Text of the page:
Force Majeure, reviewed.

See This Brilliant and Pitiless Critique of Marriage With Someone You Love

See This Brilliant and Pitiless Critique of Marriage With Someone You Love

Reviews of the latest films.
Oct. 24 2014 1:38 PM

Force Majeure

Watch this brilliant and pitiless critique of marriage and masculinity with someone you love.

Force Majeure
A scene from Force Majeure.

Courtesy of Magnolia Pictures

Disaster movies usually adhere to a strictly prescribed formula: Introduce a large cast of sympathetic characters up front, then, after three acts of buildup and foreshadowing, kill the majority of them off in a grandly staged climactic catastrophe, while a few hardy souls struggle heroically to survive. Force Majeure, the pitiless and brilliant fourth feature from the Swedish writer/director Ruben Östlund, deliberately upends just about every one of these rules. Only a few minutes after introducing a very small cast of fairly unsympathetic characters, the movie cuts straight to a distinctly unclimactic disaster, which doesn’t kill anyone.

Dana Stevens Dana Stevens

Dana Stevens is Slate’s movie critic.

That’s because the real catastrophe in Force Majeure, unfolding in slow motion before our ever-more-horrified eyes, is the collapsing marriage of Ebba (Lisa Loven Kongsli) and Tomas (Johannes Bah Kuhnke), a handsome, well-off couple who’ve come to a posh ski resort in the French Alps with their two catalog-perfect blond children. A remark Ebba makes to a fellow guest at check-in suggests that Tomas has been too caught up in his work of late and that the trip is a bid to bring the family closer. Other than that, we learn very little about their life back in Sweden, not even what line of work Tomas is so absorbed by (though he’s evidently successful at it—this family travels in style, awash in electronic gizmos and fancy ski gear). Over the course of their five-day vacation—each one marked off by its own numbered chapter—the family will approach the brink of disintegration and teeter there for a long, tense moment, like a skier poised at the top of a sickeningly vertiginous slope.

“Don’t worry, they’ve got it under control,” Tomas assures his wife and kids as they watch a wall of snow approaching the stunning deck where they’re having breakfast in advance of their second day out on the trails. He’s correct that the snowslide began as a controlled one; we see a cannon setting it off as part of the ski resort’s ongoing safety maintenance. But “control” is a slippery concept when it comes to harnessing the forces of nature, human or geological. As the white mass races toward the cafe (and, in a simple but terrifying special effect, directly at the audience), the diners snapping photos from the deck start to fear they might be in real danger. For a long half-minute or so, the screen goes white, the only sound that of screaming and confusion. Then, as the air begins to clear, we see that the avalanche has in fact stopped well short of swamping the actual resort—everyone and everything is fine. The cloud of what Ebba will later refer to as “avalanche smoke” rapidly subsides, leaving both kids asking the question that will become the crux of the movie: Where did Daddy go?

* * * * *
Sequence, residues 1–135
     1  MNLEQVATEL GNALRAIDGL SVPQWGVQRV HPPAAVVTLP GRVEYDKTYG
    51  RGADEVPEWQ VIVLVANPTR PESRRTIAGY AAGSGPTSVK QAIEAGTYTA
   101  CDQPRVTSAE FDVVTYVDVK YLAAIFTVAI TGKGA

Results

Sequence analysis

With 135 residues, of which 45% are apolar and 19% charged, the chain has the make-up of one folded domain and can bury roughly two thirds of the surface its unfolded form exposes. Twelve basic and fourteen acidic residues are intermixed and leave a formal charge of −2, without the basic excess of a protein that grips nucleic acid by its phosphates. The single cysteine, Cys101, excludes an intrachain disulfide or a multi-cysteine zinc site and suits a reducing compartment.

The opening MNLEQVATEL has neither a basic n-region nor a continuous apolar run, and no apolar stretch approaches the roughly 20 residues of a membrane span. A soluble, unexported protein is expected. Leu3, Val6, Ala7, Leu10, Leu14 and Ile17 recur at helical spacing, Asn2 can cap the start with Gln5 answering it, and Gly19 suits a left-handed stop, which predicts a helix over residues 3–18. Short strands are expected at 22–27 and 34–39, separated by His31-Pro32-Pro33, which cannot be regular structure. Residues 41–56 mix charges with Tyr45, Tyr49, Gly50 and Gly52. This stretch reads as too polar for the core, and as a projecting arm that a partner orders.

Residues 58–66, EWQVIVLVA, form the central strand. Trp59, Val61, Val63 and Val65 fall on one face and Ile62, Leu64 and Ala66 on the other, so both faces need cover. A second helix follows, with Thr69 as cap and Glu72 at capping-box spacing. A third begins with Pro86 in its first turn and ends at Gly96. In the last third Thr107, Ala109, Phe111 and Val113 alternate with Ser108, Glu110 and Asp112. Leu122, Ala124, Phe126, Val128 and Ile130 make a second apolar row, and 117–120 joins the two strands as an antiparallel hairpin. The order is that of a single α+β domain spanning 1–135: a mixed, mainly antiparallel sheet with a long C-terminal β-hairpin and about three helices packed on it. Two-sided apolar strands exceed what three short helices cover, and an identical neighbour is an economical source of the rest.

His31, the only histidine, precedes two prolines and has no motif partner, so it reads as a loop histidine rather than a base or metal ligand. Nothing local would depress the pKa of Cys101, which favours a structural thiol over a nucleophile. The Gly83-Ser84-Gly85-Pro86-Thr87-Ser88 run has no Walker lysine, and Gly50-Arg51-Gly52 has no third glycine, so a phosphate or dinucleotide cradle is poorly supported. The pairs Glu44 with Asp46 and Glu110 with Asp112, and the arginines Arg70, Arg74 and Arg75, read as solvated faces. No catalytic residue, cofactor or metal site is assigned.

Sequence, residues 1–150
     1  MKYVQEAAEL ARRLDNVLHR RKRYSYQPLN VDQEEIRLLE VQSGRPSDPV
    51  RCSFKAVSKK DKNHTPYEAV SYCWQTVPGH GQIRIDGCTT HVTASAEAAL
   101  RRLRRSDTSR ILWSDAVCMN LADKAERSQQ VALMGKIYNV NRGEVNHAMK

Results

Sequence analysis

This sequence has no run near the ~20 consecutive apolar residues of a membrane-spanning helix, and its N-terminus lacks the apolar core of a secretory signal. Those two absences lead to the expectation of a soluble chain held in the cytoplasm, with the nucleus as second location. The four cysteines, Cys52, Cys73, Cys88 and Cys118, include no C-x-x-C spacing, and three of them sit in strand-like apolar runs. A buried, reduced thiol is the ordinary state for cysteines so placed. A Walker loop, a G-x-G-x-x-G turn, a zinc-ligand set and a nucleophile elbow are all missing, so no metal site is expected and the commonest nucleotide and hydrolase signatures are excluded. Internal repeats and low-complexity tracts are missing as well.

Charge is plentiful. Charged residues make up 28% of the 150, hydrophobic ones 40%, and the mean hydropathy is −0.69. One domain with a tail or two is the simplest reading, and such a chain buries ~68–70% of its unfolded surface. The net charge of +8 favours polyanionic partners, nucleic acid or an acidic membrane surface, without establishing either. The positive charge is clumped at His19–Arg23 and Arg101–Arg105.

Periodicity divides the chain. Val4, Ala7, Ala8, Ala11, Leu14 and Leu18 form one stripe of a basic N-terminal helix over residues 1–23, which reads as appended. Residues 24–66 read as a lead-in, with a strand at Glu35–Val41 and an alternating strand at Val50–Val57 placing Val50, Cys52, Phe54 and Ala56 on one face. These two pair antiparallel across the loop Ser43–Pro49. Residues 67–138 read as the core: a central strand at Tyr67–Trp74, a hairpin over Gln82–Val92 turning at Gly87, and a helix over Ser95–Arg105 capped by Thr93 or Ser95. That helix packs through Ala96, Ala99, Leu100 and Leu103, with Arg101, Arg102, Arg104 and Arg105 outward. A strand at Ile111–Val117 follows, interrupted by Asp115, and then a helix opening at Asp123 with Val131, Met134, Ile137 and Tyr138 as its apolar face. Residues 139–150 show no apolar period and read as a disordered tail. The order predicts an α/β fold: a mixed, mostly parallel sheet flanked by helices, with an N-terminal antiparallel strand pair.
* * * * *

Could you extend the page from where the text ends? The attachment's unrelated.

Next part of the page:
Tomas soon reappears at the table and sits down with his family to finish breakfast, snow still dusting their plates. But the question of how her husband could have bolted during those seconds of panic eats away at Ebba and threatens the rest of the trip. As they have a drink in the hotel bar with a couple they’ve just met, Ebba can’t stop poking barbed fun at Tomas’ momentary abandonment, leaving him humiliated and indignant. (His only defense is to deny his wife’s account without providing a credible alternative—if, as he claims, he wasn’t running away to save himself, what exactly was he doing?) When they’re alone, though, the couple can barely bring themselves to discuss the event, so radically do their versions of it differ. The next few days are spent in literal and figurative blankness, skiing the blinding white peaks in silence all day and passing the evening in awkward half-confrontations about who did what, and why, in that moment of terror.